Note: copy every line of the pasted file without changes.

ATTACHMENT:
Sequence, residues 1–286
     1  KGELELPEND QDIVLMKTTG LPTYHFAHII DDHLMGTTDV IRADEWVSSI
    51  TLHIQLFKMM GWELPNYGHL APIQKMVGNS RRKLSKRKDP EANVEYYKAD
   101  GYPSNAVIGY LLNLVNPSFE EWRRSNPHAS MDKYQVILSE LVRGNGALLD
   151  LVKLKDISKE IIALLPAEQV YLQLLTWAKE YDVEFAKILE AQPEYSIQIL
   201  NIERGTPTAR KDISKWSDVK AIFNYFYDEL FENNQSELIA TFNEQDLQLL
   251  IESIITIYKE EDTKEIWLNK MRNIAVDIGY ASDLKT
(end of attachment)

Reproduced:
Sequence, residues 1–286
     1  KGELELPEND QDIVLMKTTG LPTYHFAHII DDHLMGTTDV IRADEWVSSI
    51  TLHIQLFKMM GWELPNYGHL APIQKMVGNS RRKLSKRKDP EANVEYYKAD
   101  GYPSNAVIGY LLNLVNPSFE EWRRSNPHAS MDKYQVILSE LVRGNGALLD
   151  LVKLKDISKE IIALLPAEQV YLQLLTWAKE YDVEFAKILE AQPEYSIQIL
   201  NIERGTPTAR KDISKWSDVK AIFNYFYDEL FENNQSELIA TFNEQDLQLL
   251  IESIITIYKE EDTKEIWLNK MRNIAVDIGY ASDLKT